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HPL Kids

The Kidzone has programs galore as well as books, movies, and other cool stuff. Read our blog below for more information and check out our upcoming events to get an idea of what's happening at the Kidzone! Our main phone number is 205.444.7830.

Recent Book Reviews

Horten's Incredible Illusions: Magic, Mystery & Another Very Strange Adventure
Lula Bell on Geekdom, Freakdom & the Challenges of Bad Hair
A Mutiny in Time
Starry River of the Sky
Pickle: The (Formerly) Anonymous Prank Club of Fountain Point Middle School
Iron Hearted Violet
Jake and Lily
Paris Pan Takes the Dare
Me and the Pumpkin Queen
Read All About It!
The Boy on Cinnamon Street
Nerd Camp
The Classroom
Smells Like Dog
Mission Unstoppable
On the Road to Mr. Mineo's
The Mark of Athena
A Whole Lot of Lucky
Alien on a Rampage
One for the Murphys

More of our favorite books on GoodReads »

Kidzone Blog

Are you ready to Party with Pinkalicious & Peterrific on Saturday, October 13, 2018 at 10:30 a.m.?!  Kids will join Pinkalicious and Peteriffic as they gobble up as many cupcakes as possible in Cupcake Catch, rescue the mini mermaid Aqualicious from the ocean, build towers at Peteriffic's Block Party, and help Pinkalicious find the Tooth Fairy by adventuring through multiple Holiday worlds. Kids will also have the opportunity to create their own Royal Crown and Magic Wand that they can take with them to continue the magic at home.  There will also be snacks and picture-taking opportunities.  No need to RSVP.  Simply follow the stars!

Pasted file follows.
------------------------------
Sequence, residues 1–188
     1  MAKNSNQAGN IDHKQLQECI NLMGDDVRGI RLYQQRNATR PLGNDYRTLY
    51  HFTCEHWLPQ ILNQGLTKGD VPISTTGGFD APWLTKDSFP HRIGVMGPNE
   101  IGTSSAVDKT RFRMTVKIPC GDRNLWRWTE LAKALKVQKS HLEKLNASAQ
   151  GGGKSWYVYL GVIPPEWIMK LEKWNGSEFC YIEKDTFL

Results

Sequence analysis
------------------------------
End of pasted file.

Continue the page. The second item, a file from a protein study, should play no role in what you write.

BONUS!
Find the books that inspired this party.  Look in the picture book room under E  KAN and the beginning reader section under E  I CAN  KAN.  There's also a DVD of the spin-off TV series.  Look for J  PIN  DVD.

Kids ages 7-12 can join Emma for Halloween Candy Crafts on Friday, October 19, 2018 at 4 p.m.  You guys will make four spooky sweet creations:  candy corn monsters, brownie bats, lollipop spiders, and candy characters.  This event will be SWEET, and you don't want to miss out.  Sign up begins October 12.  You can register online or by phone (444-7830).

The heartbreakingly irresistible Louisiana Elefante was introduced to readers in Raymie Nightingale — and now, with humor and tenderness, Kate DiCamillo returns to tell her story.

Louisiana's Way Home by Kate DiCamillo (Octoboer 2, 2018)
When Louisiana Elefante’s granny wakes her up in the middle of the night to tell her that the day of reckoning has arrived and they have to leave home immediately, Louisiana isn’t overly worried. After all, Granny has many middle-of-the-night ideas. But this time, things are different. This time, Granny intends for them never to return. Separated from her best friends, Raymie and Beverly, Louisiana struggles to oppose the winds of fate (and Granny) and find a way home. But as Louisiana’s life becomes entwined with the lives of the people of a small Georgia town — including a surly motel owner, a walrus-like minister, and a mysterious boy with a crow on his shoulder — she starts to worry that she is destined only for good-byes. (Which could be due to the curse on Louisiana’s and Granny’s heads. But that is a story for another time.)

You'll really get to let your creativity shine in our next Full S.T.E.A.M. Ahead event.  Kids ages 6-12 will have a chance to design and create their own monster puppets, but the fun doesn't end there.  They will also get to debut their puppets in an official puppet theater!  If you'd like to join Miss Alyssa for Monster Puppets on Tuesday, October 16, 2018 at 4 p.m., make sure you register!  You can sign up online or by phone (444-7830).